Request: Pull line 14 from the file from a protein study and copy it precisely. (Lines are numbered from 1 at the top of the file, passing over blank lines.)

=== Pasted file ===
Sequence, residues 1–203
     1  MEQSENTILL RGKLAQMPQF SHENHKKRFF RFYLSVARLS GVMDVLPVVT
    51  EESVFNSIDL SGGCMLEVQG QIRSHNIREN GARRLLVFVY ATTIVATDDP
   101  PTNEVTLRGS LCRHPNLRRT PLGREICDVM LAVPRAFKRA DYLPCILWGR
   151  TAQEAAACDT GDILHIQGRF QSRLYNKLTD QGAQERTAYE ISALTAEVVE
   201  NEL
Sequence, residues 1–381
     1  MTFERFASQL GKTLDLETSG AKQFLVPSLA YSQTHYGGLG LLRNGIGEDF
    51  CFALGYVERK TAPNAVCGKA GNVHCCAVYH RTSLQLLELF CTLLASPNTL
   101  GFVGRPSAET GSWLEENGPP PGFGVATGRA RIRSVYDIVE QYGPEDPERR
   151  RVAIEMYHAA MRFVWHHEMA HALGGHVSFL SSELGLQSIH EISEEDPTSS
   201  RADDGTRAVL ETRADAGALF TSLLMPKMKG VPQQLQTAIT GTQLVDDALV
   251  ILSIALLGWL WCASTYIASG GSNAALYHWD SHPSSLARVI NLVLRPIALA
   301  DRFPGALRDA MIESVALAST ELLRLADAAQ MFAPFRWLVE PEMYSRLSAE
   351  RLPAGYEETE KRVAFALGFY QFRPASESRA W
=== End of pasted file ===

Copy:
   301  DRFPGALRDA MIESVALAST ELLRLADAAQ MFAPFRWLVE PEMYSRLSAE